Mitsubishi Electric US Cooling & Heating Div. donated high-efficiency cooling and heating equipment for use in the renovation of a six-unit apartment building owned and operated by Washington, D.C.-based Community Connections, a not-for-profit mental health agency serving adults and children in Washington, D.C. The donation of the energy-saving equipment is expected to greatly reduce the operating costs of the building, allowing the nonprofit service provider to use the money saved to increase its services to those in need.
The project was completed in December 2012 by nonprofit charitable construction program HomeAid Washington D.C. (HomeAid D.C.), a local chapter of HomeAid America. It is part of the national Environmental Sustainability Program (ESP) launched by HomeAid America initially funded through a grant from the Walmart Foundation.
Mitsubishi Electric donated equipment from its Hyper-Heating (H2i®) line of split-ductless HVAC systems, which provide heating at 100 percent capacity at temperatures as low as 5°F and at efficiencies of up to 26 SEER. The Mitsubishi Electric units replaced window air conditioning units and forced-air, gas-fired furnaces — some of which were original to the 1956 building — in each of the apartment units.
ESP enables organizations, such as HomeAid D.C., to retrofit existing facilities serving homeless and at-risk populations with energy-efficient upgrades, resulting in a minimum 40 percent reduction in energy use. According to HomeAid D.C., organizations such as Community Connections can benefit from lower monthly energy expenses, allowing them to expand service capacity based on the overall reduction in operational costs.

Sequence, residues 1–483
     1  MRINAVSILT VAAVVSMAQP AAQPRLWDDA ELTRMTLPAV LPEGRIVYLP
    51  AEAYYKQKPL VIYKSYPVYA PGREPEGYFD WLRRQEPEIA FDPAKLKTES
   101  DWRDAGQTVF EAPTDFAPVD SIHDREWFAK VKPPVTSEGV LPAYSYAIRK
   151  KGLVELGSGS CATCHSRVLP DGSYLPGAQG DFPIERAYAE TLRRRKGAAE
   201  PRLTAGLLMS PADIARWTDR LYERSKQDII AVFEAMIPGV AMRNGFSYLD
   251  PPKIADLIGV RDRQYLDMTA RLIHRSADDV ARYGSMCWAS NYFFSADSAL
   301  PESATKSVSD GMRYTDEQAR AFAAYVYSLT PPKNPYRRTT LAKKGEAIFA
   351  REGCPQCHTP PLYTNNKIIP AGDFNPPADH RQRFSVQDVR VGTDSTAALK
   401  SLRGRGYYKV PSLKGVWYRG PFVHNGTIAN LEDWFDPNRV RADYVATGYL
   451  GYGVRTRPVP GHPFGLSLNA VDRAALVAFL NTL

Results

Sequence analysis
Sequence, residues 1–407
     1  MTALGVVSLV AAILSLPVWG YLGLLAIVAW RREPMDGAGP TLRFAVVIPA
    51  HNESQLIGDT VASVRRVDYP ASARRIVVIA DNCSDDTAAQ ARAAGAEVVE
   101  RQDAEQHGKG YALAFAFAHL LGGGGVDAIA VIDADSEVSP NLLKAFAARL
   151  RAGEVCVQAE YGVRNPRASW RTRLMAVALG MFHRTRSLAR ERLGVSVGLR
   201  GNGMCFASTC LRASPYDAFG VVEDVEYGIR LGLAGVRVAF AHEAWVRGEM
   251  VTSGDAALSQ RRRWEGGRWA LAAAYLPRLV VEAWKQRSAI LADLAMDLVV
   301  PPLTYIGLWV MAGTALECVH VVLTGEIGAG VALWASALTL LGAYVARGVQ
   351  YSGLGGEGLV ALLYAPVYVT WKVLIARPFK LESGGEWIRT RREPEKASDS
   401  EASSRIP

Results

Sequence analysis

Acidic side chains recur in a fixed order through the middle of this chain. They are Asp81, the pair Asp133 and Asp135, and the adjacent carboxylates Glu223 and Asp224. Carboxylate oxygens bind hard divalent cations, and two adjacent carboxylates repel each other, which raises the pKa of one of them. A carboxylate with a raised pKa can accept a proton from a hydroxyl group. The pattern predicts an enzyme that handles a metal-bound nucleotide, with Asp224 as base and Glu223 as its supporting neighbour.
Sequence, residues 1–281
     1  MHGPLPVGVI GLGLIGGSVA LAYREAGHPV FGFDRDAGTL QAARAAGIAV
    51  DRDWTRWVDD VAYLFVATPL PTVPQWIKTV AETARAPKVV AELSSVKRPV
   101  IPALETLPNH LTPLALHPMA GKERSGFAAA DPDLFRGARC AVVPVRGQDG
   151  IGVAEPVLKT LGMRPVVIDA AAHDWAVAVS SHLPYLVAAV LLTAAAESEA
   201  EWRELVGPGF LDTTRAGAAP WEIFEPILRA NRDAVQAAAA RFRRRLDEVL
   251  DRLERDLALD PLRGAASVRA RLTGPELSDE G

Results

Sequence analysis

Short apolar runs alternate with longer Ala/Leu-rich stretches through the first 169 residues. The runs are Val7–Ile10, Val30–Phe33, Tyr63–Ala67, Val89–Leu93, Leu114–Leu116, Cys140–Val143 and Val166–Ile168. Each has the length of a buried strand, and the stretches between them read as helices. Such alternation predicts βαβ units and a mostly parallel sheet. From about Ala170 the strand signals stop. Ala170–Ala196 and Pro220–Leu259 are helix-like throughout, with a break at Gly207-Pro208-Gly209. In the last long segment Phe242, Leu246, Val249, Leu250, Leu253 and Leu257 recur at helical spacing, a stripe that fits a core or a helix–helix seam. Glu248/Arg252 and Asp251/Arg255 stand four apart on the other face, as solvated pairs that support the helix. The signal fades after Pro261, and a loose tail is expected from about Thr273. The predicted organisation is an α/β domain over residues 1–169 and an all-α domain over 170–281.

“Heating and cooling costs comprise approximately half of an average building’s energy bills,” said John Clements, senior product marketing manager, Mitsubishi Electric US Cooling & Heating Div. “By replacing the existing 50-year-old HVAC units in the apartments with our efficient split-ductless technology, we knew we had the opportunity to make a huge impact on Community Connections’ bottom line. Now, the organization is free to use the funds otherwise spent on high energy bills towards expanding its services in the community.”
For more information, visit www.mehvac.com.
Publication date: 6/24/2013